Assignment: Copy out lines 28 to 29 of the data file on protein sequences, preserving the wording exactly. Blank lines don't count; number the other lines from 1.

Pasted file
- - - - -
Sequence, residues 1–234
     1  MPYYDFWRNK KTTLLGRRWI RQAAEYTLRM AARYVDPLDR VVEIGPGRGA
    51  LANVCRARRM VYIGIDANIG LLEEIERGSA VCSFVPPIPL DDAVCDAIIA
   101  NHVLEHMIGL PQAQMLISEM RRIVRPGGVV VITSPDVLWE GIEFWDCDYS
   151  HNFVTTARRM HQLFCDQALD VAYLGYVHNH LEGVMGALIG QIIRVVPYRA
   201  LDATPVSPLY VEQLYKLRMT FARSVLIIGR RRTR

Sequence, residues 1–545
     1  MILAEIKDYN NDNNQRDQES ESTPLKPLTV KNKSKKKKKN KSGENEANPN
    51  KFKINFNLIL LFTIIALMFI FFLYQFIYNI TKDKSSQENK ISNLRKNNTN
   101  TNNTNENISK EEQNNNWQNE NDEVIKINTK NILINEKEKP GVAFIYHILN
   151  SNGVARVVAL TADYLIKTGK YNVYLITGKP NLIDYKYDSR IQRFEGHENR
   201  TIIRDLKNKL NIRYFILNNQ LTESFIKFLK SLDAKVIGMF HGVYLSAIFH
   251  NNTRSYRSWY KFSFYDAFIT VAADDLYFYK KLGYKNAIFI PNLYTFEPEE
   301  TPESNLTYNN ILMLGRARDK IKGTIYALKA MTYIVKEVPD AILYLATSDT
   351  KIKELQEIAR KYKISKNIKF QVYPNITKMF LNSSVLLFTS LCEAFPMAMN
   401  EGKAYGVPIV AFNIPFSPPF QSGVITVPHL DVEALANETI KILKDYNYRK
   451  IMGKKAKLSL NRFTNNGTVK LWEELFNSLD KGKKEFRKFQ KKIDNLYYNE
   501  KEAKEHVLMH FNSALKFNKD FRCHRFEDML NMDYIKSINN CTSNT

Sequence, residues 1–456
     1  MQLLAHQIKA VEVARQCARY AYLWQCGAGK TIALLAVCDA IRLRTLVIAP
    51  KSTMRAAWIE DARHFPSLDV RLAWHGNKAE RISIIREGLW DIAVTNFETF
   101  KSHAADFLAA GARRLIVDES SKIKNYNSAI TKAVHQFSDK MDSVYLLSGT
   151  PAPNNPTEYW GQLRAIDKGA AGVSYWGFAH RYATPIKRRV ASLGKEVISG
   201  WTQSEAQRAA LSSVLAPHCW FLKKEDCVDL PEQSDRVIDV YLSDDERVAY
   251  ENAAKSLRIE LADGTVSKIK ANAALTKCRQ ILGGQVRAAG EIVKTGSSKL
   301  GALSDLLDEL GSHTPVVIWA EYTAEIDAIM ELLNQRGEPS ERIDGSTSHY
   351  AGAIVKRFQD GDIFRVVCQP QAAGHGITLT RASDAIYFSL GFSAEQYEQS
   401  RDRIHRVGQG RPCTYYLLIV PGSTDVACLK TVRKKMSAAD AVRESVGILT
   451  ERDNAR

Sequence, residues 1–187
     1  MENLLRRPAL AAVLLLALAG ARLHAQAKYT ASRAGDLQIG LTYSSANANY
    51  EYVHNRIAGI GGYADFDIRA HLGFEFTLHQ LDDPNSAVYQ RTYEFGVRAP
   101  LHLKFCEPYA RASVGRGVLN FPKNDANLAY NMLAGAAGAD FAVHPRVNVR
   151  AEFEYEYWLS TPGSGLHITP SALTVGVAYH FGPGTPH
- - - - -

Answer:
   401  RDRIHRVGQG RPCTYYLLIV PGSTDVACLK TVRKKMSAAD AVRESVGILT
   451  ERDNAR